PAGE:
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Collapse of a Food Chain

By Kathy A Svitil
Jul 1, 1995 5:00 AMNov 12, 2019 4:49 AM


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Fifty years ago, the waters off southern California teemed with life. In addition to the large marine mammals--whales, dolphins, and seals- -the ocean was filled with the microscopic animals called zooplankton and with the fish that eat them, such as anchovies, mackerel, and sardines. Seabirds, feeding on both the zooplankton and the small fish, flew above the ocean waters by the hundreds of thousands.

Today those same waters are much poorer. The fish stocks have declined dramatically; the seabird populations have declined or even crashed. The reason, say biological oceanographer John McGowan and physical oceanographer Dean Roemmich of the Scripps Institution of Oceanography, is that the zooplankton population has dropped a precipitous 80 percent since 1951. And the reason for that is that the surface waters of the Pacific off California have gotten slightly warmer.

McGowan and Roemmich don’t know if the temperature increase is linked to global warming or simply a regional change--perhaps even a reversible one. Either way, the result has been biological devastation. It is an important discovery and a model for what can happen during global change, McGowan says. We’ve found that a small temperature change resulted in a very large biological change. That’s something new, something that we hadn’t had a feel for before.

McGowan and Roemmich tracked the zooplankton and water temperature changes using data from a series of 222 ocean research cruises, called the California Cooperative Fisheries Investigations, that have been run since 1951. The survey’s original purpose was to study the Pacific sardine, a commercially valuable fish whose numbers had dwindled in the 1940s. (That particular decline, it turns out, was caused at least in part by overfishing.) Over time the research cruises evolved into a large-scale investigation of the physics, biology, and ecology of the California current, which generally runs north to south down the coast.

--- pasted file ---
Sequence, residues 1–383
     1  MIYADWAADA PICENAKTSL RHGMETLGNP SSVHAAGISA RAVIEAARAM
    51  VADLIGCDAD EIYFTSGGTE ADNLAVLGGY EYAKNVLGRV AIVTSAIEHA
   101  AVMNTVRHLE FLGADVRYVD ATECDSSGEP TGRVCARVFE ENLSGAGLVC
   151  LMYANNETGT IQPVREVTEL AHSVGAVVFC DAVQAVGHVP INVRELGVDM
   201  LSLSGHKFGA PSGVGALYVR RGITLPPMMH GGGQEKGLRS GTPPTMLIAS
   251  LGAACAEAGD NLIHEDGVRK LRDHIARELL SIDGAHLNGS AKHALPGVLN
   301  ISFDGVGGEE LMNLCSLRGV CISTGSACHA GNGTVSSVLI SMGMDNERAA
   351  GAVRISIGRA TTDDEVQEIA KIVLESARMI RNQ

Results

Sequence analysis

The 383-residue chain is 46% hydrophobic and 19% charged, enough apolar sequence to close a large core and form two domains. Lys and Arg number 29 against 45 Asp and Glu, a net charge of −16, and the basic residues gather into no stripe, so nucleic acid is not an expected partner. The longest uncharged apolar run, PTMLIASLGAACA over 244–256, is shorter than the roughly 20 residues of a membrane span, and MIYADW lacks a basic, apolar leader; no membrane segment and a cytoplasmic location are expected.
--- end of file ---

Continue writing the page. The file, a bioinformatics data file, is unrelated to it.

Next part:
The cruises are still run four times a year, along a series of lines that extend from the coast to 300 miles offshore, between San Diego and a point just north of Santa Barbara. At each of hundreds of stations, the researchers measure the temperature of the water, its chlorophyll content--a measure of the abundance of phytoplankton, or microscopic green plants--and its content of the nitrogen and phosphorus that phytoplankton need to grow. At each station they also determine the abundance of zooplankton by dragging a fine net alongside the ship and then measuring the volume of their catch.

For the first few decades, the cruises revealed relatively little, at least as far as the zooplankton were concerned. Although a trend might have been present, we couldn’t detect one, because we didn’t have enough numbers, McGowan says. But by the 1980s, it became apparent to McGowan and Roemmich that something was going on. There was a major decline in the zooplankton population, McGowan says. Just as obvious was the gradual rise in sea-surface temperature. There’s so much oscillation in the data--the lines are real wiggly--so we can’t say anything other than that this has taken place over the entire 43 years. But if you look at a graph, it’s clear that there has been this trend, both in population and in temperature.

McGowan and Roemmich don’t think the warming they saw--just 2 to 3 degrees Fahrenheit over the 43 years of testing--was a direct cause of the zooplankton decline. They believe instead that the warming caused a decline in phytoplankton--which are what zooplankton eat--by reducing the amount of nutrients available to the plants.